Henry Bilinski Ambulance

Government Extends Healthcare ‘Devolution Revolution’ to London

HATS Group CEO Henry Bilinski discusses the government’s decision to devolve authority over major healthcare issues to London councils.

Devolution revolution

In most parts of the UK, NHS facilities such as hospitals and council-funded care services are financed and managed separately. However, the government has committed itself to integrating NHS health services with council-operated care services for the elderly, disabled and long-term ill.

Whitehall has started launching “health devolution” deals to integrate health and social care on a local level. The first of these schemes was launched in Greater Manchester in 2014. It has already seen NHS organisations in the area join forces with local councils to take joint control of the region’s £6 billion health budget.

Extension to London

The Independent recently reported that the initiative has now been extended to London. UK chancellor George Osborne has signed deals with the city’s health and civic leaders, which will established five healthcare devolution programmes in London.

These pilot programmes, which Osborne has promised will lead to better care for London’s residents, will cover nine boroughs in the UK’s capital city. The pilots will allow five London councils to share buildings with the NHS, while Hackney Council will be required to bring health and social care services under one budget.

Integration “trailblazers”

Commenting on the news, Simon Stevens, the chief executive of NHS England said: “In London’s NHS we’ve got some of the best health services anywhere on the planet – but also some of the most pressurised. London is the world’s most dynamic and diverse city – why shouldn’t it be the healthiest?” He argued that the pilots would free up unused NHS buildings and land and facilitate better prevention on children’s health issues, to make London’s health and social care infrastructure more efficient.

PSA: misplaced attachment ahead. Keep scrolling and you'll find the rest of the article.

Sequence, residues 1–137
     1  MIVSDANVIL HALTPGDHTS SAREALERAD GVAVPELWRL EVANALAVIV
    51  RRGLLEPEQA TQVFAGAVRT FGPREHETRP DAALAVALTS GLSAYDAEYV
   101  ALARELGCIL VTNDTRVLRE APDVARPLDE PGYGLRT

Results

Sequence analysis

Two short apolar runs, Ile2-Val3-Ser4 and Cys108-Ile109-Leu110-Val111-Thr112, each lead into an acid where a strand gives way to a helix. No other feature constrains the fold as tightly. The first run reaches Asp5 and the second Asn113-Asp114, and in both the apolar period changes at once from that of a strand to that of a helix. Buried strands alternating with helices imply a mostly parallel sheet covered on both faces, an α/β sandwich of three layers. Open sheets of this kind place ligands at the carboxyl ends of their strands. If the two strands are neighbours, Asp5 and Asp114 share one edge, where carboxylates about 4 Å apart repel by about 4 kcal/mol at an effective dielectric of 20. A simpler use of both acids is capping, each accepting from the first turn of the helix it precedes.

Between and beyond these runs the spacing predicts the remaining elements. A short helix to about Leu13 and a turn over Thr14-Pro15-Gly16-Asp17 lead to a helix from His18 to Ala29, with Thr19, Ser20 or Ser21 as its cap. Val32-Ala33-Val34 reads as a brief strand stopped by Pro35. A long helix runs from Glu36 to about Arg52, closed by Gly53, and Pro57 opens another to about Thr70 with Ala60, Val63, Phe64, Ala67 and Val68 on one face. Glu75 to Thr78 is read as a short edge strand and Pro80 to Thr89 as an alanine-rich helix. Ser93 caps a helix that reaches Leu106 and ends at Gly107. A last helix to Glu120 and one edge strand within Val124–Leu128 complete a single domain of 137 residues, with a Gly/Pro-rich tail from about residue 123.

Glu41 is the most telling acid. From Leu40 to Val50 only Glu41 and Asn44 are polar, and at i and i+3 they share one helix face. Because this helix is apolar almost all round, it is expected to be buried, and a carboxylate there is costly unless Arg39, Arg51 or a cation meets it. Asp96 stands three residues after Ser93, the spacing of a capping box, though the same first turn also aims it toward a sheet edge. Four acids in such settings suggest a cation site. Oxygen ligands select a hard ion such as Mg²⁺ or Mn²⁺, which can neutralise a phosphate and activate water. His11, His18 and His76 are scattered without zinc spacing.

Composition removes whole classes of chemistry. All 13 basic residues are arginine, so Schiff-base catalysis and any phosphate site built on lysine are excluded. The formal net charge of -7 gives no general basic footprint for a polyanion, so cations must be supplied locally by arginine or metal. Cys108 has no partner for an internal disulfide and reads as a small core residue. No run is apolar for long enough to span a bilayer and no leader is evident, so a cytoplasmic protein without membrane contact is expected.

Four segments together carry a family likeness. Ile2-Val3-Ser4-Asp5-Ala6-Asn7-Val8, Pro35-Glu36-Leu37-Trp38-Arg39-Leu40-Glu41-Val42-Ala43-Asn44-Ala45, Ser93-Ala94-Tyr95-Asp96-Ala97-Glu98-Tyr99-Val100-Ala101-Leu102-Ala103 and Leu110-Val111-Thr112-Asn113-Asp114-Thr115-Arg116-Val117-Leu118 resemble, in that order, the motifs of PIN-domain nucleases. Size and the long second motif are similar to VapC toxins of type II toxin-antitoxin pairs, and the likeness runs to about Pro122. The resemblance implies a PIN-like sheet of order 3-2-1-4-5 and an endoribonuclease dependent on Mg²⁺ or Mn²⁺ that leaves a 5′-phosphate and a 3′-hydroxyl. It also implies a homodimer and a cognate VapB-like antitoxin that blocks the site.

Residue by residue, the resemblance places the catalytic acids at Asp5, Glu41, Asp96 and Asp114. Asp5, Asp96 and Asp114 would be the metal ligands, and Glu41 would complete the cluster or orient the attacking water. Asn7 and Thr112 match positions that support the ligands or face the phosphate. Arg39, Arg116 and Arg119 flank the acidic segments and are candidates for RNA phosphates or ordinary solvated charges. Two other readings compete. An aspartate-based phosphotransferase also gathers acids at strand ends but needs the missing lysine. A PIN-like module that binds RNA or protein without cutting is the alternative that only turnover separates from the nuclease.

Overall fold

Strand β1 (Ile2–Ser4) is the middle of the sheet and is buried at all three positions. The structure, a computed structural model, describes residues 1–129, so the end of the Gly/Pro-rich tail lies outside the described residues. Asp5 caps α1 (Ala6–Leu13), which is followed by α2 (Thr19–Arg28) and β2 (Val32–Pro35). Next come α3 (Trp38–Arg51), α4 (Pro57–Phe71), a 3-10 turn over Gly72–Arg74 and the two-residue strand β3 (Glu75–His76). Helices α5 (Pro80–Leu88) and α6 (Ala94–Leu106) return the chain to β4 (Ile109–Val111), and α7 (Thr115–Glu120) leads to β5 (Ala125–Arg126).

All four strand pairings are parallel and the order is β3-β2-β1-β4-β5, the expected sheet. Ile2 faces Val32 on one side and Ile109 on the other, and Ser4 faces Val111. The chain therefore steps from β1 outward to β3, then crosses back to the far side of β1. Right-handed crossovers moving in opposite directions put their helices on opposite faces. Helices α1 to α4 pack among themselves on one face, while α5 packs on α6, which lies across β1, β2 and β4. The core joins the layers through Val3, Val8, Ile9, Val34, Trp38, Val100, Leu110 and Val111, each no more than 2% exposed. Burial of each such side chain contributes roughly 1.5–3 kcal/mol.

Stevens also suggested the pilots would enable new ways of joining up care for older people, to provide a more effective service. This was echoed by Osborne: “This deal means that not only will the people of London have more control over decisions that affect their lives, it will also lead to better, more joined up health care in the capital for Londoners.”

Speaking out on the launch of the pilots, health secretary Jeremy Hunt added: “The pilot areas we have announced today will be trailblazers as we move towards a fully integrated health and care service by 2020. By empowering more places in the capital to make the best decisions for themselves we will improve patient experience, and help keep people well for longer.”

Providing better care

We have to provide vulnerable members of our society such as the disabled and elderly with the most effective care possible. Whitehall believes that integrating NHS and council-funded care services is the best way to achieve this aim, as it will both allow patients more control of their care and link up resources so they receive effective, efficient care.

This policy’s detractors argue that the strategy won’t relieve pressure on an NHS that is already struggling to cope with a limited supply of resources, staff and funding. The launch of health devolution pilot schemes in London could provide us with the information we need to determine whether centralising care is the best way to ensure we look after society’s most vulnerable members.

Until the next time.

Henry Bilinski.

 

 

 

 

 

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